[A Homily of Fr. Matthew Kelty, OCSO, for the 2nd Sunday of Advent (A) Dec. 9, 1990 (Matt 3:1-12)]
 


Secular Time and God's Time

Today is December 9, 1990. In the year of the Church it is the Second Sunday of Advent. The difference between the two identifications of this day is profound. On the one hand we have secular time and on the other religious. And yet we speak of the same day.

Yet the difference is even more disturbing. Secular time comes in several packages, the most obvious: linear time and circular time. Days go by one after another: the sun rises, reaches noon, sets, and night follows. One day after another, month by month, year by year. All the same. Except that cyclic time makes each day different, unique in the great circle of the day, each truly so not only in time but also in place. And if that cycle does not suffice, the whole universe may be cyclic.

Most days celebrated in the calendar are linear feasts. New Year's Day. Memorial Day. July Fourth. Labor Day. Washington's Birthday, Lincoln's, Martin Luther King's. As we move along the line of the year, their days come up. And we note them. He died 102 years ago. This is the 215th anniversary of the Signing of the Declaration of Independence. The Armistice after world War I was signed this day 72 years ago. Even the saints are linear. Each in turn, those commemorated by a memorial, as most are not. He/she entered Heaven this day 120 years ago. 400 years ago.

There is linear time. There is cyclic time. And there are other times as well. But what concerns us today is God's time. Perhaps we could call it liturgical time, dream time, festal time.

For when we celebrate Christmas we do more than remember the day when Christ was born 1990 years ago, more or less. We do that indeed, for the birth of Jesus is an historical event that is remembered. But when we celebrate the feast of Christ's Nativity, we do so also mystically. That is to say, time as we know it is left behind, and we are into God's time, timelessness, the eternal now which we are at a loss to understand. We do not need to understand it, explain it. How many things there are even in the natural order which we truly do not understand, but gladly make good use of.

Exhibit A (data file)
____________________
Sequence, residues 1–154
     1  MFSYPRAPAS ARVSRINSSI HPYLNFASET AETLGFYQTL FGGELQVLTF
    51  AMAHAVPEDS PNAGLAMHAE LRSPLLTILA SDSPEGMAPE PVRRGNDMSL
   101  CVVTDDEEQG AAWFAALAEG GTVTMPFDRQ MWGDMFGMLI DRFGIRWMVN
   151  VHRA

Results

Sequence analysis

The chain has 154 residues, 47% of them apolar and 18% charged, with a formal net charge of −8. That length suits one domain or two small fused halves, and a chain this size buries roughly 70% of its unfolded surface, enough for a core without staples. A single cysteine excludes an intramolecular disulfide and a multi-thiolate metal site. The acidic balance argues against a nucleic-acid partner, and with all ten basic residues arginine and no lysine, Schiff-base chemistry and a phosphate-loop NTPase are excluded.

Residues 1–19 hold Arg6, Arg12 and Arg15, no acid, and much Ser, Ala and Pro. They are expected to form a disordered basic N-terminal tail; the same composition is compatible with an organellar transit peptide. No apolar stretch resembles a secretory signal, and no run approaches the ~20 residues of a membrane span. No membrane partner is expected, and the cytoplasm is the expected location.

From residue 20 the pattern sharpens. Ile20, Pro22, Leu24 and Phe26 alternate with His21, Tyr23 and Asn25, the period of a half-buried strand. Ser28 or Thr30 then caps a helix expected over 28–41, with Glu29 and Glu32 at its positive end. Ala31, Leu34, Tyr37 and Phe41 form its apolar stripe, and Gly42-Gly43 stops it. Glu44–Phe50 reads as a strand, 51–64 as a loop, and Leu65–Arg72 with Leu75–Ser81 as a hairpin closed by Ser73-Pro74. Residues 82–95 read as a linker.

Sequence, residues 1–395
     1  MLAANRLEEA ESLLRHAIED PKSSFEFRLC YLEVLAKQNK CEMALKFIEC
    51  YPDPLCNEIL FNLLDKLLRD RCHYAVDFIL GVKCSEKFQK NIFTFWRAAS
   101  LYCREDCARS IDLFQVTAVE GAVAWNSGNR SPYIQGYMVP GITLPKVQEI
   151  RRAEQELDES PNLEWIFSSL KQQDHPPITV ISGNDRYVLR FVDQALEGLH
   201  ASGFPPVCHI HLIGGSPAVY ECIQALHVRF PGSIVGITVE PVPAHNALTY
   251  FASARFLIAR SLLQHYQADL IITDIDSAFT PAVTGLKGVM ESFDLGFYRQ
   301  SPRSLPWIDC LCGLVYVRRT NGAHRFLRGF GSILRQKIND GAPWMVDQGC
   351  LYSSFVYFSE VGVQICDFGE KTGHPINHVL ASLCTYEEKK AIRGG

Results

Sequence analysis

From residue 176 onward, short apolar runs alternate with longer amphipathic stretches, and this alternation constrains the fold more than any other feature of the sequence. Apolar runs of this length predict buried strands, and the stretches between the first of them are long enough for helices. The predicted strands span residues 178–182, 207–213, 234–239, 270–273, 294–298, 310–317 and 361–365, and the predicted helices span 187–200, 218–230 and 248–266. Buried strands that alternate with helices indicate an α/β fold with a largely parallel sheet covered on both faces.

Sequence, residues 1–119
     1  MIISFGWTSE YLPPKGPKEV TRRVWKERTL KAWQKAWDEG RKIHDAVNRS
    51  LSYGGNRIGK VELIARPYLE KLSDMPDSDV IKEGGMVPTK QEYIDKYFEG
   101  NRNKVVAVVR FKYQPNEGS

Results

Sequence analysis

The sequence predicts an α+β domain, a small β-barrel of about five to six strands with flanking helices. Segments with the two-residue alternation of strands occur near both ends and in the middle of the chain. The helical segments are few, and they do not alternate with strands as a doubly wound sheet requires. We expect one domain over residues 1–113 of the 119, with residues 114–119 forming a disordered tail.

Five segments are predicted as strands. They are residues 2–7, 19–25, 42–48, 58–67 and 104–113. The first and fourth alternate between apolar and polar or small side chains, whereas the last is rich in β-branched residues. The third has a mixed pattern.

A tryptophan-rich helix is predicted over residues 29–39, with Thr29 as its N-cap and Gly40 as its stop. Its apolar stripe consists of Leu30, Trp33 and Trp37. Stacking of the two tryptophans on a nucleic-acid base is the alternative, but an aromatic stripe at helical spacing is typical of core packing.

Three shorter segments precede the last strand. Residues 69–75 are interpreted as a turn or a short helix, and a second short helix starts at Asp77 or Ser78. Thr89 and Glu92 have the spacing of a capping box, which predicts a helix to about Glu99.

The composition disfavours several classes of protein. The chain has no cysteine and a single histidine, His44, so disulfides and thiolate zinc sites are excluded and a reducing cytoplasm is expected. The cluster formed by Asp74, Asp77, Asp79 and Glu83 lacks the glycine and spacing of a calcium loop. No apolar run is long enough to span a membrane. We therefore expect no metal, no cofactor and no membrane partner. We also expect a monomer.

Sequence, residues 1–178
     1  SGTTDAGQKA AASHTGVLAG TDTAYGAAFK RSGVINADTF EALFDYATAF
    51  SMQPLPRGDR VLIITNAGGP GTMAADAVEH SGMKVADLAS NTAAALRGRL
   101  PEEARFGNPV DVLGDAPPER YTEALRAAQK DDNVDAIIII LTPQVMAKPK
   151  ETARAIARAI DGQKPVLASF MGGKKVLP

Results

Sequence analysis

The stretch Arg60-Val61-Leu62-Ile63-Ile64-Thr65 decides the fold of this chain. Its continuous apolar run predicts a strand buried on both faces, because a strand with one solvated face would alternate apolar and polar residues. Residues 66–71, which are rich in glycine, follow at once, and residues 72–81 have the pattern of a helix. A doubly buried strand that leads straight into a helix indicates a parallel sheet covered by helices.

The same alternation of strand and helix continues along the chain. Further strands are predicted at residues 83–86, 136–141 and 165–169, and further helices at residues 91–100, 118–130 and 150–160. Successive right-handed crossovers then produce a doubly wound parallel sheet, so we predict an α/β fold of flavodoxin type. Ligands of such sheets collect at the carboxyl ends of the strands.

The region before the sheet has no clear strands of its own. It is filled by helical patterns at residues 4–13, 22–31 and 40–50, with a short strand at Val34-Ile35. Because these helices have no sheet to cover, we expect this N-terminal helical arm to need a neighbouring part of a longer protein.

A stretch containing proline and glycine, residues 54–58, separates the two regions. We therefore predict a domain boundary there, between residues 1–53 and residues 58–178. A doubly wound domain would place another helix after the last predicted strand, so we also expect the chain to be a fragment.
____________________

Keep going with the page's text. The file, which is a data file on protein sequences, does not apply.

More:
Liturgical celebration is a matter of reliving in grace the original event. In God's time what is temporal becomes perennial, timeless, removed from the limits of time. We are at Bethlehem, we hear the angels, see the shepherds, we are at the crib with the Wise Men. The original witnesses are no better off. Our response is on a par with theirs. So is our participation. The way we react to Christmas now is the way we would have reacted then, since it is the same event and we are the same person here or there, now or then.

And we share with the original participants the grace of returning each year to mediate on, ponder on, what cannot possibly be absorbed in one exposure. We need to return over and over to the first scene, in reading, in pondering, in prayer, in participation as we will do fifteen days from now.

Mystical time, grace time, liturgical time, means that in the cycle of the year of the Church we pass through the major mysteries of Christ's life by actual participation in grace. We respond to the event. We are graced by it. We become part of it and it of us.

There is no other human activity that is similar. In remembering past events by holidays we do not in any way assume that we are doing over, reliving, witnessing anew, what once took place. It is all over and done with. We merely remember it. The saints days too. We are not with Francis Xavier or again with Vincent Ferrer. We rather recall their lives, their witness, their day. And recognize them. We are living in the Kingdom and ask their prayer. Unlike national birthdays, we recall not the dead but the living and commune with them.

But when we celebrate Christ we do so in a quite different way. We enter into a kind of dream time, our first modest taste of eternity, in which history disappears and what was past becomes present, remote becomes here.

For we deal with realities so deep, so profound, that one encounter would scarcely do. We need to return again and again if we are to enter into them. Hence, from the beginning, the Church has done again in mystical mode the events done before in the real.

The first lesson we learn in so doing is how genuine the narrative of the first event really is, the narrations we find in the Gospels. For we see what a variety of response there was to what took place: enthusiastic acceptance (relatively rare), indifference (the most common) and rejection (the most effective). We like to think how noble would have been our response had we witnessed the Passion, the Death, the Rising, yet we have only to look at our response this day, this season, this year, to confirm the truth that our response then would have been the same as now.

How graced we are in being able year after year to relive the life of Christ, each year given us and hopefully increasing in us a deeper sense of what takes place, what it all means, seeking in prayer to enter into it deeply, share it, live it.

In New Guinea they were wont to mark the year by Christmas. And so, in asking someone: How old are you? We would ask: How many Christmases have you? I do not necessarily inquire of your age, but I do ask: How many more can you count on? And how deeply have you entered into this profound mystery?

So now, yet once more, we are invited to leave time and enter God's eternal now and gather at the crib of the Child born of woman and born of God.  Amen.

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